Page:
I have hazel eyes — green with flecks of gold and sometimes blue. According to published statistics, only 8 percent of human beings have hazel eyes, which can change with mood and surroundings. Since they often change color, people with hazel eyes are said to be unpredictable and fun loving. Of course there’s no scientific proof, but I’ll go with that.

I have AB+ blood type. Again, you can believe these statistics or not, but only 3.4 percent of human beings have AB+ blood type, which is informally known as the universal blood type because those with AB+ can accept any other blood type in transfusion. At one long ago blood drive, I was introduced as the “donor with the mink coat of blood!” The good news is AB+ plasma can be donated to anyone with any blood type. I do get a lot of Emails and letters from Red Cross.

I’m also a 35-year member of Mensa (the allegedly “High IQ Society.”) Supposedly, only 2 percent of human beings can qualify for Mensa, which required a minimum of a 148 IQ, as determined by an eight-hour closely proctored IQ test.

Interesting side facts about Mensa: It was founded by a couple of strangers on a train in 1946, who evidently decided it would be more productive than killing each other’s wives. (For those who are unfamiliar with 1950s era movies or vintage movie channels, this is a reference “to Strangers on a Train.”) One of the Mensa founders, a Brit, quit the organization four years later after becoming disenchanted that so many Mensa meetings consisted of puzzle solving and scrabble tournaments, rather than, you know, trying to Change the World with their collective intelligence. To be honest, I joined up to meet men, not to change the world. I did win a lot of scrabble tournaments, though. And years later, I attended the 25th anniversary of Mensa in London where I hilariously got lost after being dropped off the tour bus near Piccadilly Circus for a Solve-the-Clues and Get-a-Tour-of-London challenge that ended badly.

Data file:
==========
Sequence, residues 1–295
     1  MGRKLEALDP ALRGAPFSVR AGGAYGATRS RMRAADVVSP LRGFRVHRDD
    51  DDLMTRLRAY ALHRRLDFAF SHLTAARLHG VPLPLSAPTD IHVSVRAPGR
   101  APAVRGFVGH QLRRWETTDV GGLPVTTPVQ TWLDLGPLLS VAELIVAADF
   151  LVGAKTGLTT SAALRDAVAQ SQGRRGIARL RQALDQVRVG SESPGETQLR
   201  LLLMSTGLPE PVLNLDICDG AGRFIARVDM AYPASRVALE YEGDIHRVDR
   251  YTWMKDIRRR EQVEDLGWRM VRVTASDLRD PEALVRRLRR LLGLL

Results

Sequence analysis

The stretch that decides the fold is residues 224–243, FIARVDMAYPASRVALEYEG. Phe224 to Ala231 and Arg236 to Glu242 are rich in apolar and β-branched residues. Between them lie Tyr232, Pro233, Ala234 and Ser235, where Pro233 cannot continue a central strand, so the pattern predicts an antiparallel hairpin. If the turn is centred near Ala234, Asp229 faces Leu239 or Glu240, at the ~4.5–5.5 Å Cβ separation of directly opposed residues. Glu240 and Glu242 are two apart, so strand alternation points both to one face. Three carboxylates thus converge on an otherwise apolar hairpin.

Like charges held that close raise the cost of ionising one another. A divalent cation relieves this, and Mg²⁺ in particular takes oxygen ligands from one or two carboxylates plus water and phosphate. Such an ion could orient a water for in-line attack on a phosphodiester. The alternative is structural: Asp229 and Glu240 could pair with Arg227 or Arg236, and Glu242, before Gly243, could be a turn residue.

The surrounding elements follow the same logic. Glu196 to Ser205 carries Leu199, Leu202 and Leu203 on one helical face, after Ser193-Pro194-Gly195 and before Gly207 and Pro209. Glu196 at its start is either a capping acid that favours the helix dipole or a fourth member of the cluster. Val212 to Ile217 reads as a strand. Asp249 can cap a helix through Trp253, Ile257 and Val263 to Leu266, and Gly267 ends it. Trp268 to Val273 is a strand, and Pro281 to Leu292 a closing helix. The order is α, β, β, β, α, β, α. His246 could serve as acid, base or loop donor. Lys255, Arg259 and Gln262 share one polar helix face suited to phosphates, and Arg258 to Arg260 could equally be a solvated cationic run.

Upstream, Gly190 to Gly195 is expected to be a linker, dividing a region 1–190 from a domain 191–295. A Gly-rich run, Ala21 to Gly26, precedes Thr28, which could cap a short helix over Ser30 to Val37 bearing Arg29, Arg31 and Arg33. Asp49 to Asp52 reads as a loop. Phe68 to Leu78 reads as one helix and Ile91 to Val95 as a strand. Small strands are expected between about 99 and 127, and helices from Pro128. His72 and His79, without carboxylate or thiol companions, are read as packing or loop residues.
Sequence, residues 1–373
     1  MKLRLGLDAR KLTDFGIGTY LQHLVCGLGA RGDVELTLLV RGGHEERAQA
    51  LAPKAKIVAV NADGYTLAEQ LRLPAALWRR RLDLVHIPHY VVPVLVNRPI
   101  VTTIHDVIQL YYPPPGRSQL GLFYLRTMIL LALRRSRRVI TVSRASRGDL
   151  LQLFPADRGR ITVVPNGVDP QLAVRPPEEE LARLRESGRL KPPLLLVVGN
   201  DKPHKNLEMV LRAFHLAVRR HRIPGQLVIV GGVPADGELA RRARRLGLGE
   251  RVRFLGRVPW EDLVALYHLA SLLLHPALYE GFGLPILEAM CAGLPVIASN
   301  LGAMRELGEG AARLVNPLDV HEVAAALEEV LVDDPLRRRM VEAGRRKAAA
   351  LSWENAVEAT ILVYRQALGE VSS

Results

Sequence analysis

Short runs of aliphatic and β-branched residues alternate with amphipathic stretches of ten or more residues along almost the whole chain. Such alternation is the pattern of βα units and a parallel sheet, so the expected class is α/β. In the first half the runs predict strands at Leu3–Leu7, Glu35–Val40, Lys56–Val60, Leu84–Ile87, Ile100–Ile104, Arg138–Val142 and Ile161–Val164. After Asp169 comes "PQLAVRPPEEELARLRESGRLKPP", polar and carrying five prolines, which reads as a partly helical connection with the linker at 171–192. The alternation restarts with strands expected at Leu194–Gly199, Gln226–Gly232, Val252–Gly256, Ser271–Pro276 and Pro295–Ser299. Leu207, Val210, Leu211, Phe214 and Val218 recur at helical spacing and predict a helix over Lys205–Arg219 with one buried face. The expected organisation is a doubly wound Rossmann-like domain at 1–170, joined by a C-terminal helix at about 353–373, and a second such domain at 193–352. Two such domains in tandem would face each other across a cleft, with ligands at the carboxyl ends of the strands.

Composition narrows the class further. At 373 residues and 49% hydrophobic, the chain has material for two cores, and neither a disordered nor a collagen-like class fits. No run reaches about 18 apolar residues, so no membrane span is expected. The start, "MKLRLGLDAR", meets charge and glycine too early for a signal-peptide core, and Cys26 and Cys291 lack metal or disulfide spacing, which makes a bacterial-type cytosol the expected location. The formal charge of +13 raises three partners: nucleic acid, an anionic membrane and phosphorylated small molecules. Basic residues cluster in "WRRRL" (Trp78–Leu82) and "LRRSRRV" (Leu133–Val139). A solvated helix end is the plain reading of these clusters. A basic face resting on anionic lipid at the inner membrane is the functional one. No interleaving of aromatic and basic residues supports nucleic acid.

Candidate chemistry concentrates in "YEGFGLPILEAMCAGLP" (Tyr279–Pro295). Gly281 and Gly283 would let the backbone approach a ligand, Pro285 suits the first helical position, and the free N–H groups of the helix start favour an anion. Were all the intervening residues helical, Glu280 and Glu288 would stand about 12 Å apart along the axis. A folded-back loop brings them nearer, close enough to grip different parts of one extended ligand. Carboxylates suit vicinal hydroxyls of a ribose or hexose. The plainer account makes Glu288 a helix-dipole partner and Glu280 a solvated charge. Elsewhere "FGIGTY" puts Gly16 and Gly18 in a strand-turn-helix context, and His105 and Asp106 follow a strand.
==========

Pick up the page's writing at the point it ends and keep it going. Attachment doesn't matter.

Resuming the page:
One fine day in June, I met three (THREE!) people in one day who had hazel eyes. My sister was one of them, so that shouldn’t count. Then I saw a Facebook post proclaiming that Stephen Hawking said “People who boast about their IQ are losers.” I admired Stephen Hawking and he was definitely at the top of the genius registry, so I took that to heart.

When I signed up to donate my rare blood recently at the Red Cross drive, the technician taking down my statistics and pin-prick sample shook her head and asked to do a pin-prick on the other hand. More head-shaking. It turns out that after many decades of donating blood by the gallons, today’s version was unacceptable due to iron insufficiency and I was rejected. Talk about a loser!

I was beginning to feel a lot less exceptional. I pondered long and hard about a fourth characteristic that would make me unique. And finally, serendipitously, I hit upon one: I’m the only person I know who still uses shorthand, which I learned in high school because I wanted the ability to write fast. That definitely makes me stand out in a crowd, or at least around the conference table at meetings. And believe me, if you’re hemorrhaging from not scoring a 148 on your closely proctored IQ test, you will want my blood type, or at least my plasma. Hazel eyes are optional.

And I am special because my mother thought so, my husband wholeheartedly believed it, and up to the point they became teenagers, my three beloved grandchildren thought so too.

Connecticut Media Group